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I am a little familiar with the linear transformation but unable to understand why $\det T = \pm1$ for $(Tp)(x)=a_n+ a_{n-1}x+...+a_0x^n$ where$T:V\to V$ a linear transformation ,V is a vector space of polynomials over R of degree $\le n$ and $p(x)=a_0+ a_1x +...+ a_nx^n$ in V? Why can't it be equal to other than $\pm1$?

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    $\begingroup$ Hint: What happens if you apply $T$ twice? $\endgroup$ May 9, 2016 at 17:36
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    $\begingroup$ @Crostul you misunderstood: the $a_i$ are the coefficients of the the polynomial $p$ (which is acted upon by $T$). $\endgroup$ May 9, 2016 at 17:39
  • $\begingroup$ whether the basis elements are x^k s or $a_i x^k$s $\endgroup$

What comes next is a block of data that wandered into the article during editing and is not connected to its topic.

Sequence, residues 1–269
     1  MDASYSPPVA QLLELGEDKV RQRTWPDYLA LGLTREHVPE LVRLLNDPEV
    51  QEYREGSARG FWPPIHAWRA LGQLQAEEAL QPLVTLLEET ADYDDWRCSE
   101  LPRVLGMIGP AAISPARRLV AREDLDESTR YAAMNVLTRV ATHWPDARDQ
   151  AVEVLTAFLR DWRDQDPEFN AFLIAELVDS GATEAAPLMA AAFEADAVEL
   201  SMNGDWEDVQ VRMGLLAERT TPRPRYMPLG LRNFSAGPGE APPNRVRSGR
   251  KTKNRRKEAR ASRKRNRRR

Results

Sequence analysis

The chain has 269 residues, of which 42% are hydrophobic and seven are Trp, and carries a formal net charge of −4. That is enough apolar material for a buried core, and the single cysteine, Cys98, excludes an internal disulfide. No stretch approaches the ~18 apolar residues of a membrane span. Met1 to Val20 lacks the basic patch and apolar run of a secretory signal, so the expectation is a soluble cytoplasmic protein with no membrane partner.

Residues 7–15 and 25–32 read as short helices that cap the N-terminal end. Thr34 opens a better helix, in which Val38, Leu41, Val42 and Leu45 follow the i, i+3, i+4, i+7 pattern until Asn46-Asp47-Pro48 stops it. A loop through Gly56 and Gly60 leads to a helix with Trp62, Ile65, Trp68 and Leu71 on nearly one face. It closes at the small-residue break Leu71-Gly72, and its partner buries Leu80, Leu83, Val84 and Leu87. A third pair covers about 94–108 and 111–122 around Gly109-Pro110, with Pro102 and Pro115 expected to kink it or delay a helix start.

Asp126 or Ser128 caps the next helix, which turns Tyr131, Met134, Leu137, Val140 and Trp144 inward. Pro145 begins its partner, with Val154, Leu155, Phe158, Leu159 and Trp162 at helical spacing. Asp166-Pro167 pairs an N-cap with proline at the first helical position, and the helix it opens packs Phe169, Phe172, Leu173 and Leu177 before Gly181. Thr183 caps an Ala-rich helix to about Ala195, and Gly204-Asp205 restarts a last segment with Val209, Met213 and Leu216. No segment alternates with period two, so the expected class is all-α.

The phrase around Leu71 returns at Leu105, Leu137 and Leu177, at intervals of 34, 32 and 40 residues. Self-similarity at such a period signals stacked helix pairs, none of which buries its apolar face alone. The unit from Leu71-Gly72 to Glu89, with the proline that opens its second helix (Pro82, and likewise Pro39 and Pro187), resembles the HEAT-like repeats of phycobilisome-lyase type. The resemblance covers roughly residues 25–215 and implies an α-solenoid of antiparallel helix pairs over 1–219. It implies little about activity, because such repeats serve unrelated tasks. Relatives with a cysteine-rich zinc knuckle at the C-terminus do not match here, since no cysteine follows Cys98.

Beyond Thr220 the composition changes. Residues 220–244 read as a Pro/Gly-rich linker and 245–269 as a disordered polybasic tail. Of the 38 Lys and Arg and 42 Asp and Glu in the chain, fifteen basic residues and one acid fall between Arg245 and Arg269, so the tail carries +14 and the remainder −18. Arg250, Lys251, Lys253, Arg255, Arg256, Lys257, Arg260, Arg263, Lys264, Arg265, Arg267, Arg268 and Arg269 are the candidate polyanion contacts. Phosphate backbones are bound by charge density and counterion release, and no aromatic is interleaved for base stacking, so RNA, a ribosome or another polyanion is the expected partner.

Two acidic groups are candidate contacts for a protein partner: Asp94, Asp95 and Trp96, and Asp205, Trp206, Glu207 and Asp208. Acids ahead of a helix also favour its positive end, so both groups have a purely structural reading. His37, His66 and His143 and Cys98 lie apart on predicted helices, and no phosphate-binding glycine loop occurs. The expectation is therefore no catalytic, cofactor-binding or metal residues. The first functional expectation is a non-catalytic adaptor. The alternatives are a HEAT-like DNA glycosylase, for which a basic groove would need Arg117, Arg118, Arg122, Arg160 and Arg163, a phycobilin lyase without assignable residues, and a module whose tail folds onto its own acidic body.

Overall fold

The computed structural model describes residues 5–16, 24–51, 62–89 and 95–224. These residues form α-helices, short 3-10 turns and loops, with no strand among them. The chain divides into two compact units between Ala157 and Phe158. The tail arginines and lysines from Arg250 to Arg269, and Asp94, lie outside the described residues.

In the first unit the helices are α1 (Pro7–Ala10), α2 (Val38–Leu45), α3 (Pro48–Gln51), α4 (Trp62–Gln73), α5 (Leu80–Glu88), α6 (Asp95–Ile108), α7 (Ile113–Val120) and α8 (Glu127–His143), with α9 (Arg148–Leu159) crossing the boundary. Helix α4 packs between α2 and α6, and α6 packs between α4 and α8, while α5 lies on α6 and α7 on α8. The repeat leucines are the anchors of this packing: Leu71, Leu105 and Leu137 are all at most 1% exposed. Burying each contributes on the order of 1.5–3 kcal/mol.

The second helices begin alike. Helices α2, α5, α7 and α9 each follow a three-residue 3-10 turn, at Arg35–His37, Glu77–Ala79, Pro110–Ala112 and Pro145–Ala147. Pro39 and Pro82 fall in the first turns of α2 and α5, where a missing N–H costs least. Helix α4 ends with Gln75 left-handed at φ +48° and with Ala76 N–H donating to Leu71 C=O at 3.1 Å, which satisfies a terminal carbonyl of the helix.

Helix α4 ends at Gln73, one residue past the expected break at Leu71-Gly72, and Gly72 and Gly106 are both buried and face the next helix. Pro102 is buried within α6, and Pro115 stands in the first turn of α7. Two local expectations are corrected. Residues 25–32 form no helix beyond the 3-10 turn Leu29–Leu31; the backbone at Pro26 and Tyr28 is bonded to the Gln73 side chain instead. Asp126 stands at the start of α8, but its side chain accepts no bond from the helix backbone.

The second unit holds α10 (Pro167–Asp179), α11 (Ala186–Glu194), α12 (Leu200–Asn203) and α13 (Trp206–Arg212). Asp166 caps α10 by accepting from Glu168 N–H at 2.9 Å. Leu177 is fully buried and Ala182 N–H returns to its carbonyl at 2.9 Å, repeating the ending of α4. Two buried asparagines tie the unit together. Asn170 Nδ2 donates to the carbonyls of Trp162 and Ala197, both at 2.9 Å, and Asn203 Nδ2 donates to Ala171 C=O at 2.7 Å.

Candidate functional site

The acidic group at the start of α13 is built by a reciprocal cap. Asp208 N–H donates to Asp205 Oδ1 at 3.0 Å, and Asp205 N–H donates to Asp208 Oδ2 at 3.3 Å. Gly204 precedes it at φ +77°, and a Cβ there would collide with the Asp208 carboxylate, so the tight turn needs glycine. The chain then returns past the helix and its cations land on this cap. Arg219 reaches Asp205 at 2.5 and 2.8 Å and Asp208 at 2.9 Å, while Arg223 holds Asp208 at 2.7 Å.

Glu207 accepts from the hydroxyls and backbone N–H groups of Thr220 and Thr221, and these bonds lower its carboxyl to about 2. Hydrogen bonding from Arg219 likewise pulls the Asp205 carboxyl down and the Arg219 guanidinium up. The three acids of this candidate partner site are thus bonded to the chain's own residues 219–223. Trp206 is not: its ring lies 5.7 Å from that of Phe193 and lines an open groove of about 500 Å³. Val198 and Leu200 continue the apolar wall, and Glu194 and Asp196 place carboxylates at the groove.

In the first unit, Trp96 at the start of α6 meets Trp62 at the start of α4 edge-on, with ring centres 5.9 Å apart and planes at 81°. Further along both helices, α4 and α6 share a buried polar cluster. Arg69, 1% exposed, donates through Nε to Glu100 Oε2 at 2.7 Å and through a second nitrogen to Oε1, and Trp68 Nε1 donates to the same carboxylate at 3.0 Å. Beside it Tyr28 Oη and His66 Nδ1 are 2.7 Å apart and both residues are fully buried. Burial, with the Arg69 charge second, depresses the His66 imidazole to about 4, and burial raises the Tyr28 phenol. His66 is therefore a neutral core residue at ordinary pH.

– my stak
    May 9, 2016 at 17:43
  • $\begingroup$ @Crostul like any linear transformation, $T$ maps the zero vector (i.e. the zero oolynomial) to itself. $\endgroup$ May 9, 2016 at 18:35

2 Answers 2

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If we apply $T$ twice on a polynomial $p$, then we end up where we started, in other words: $$T(Tp) = p \quad \Longrightarrow T^2=I$$ Taking determinants yields $$\left(\det T \right)^2 = 1$$ And hence $$\det T = 1 \quad \text{or} \quad \det T = -1$$

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The vector space $V$ has the basis $<e_0, e_1, \ldots, e_n>, e_i=x^i$ and the operator $T$ acts as follows $T(e_i)=e_{n-i}.$ It is easy to see that the matrix of the operatot is an antidiagonal matrix with the entries equal to 1. The determinant of such matrix is $(-1)^{\dfrac{n(n+1)}{2}}$.

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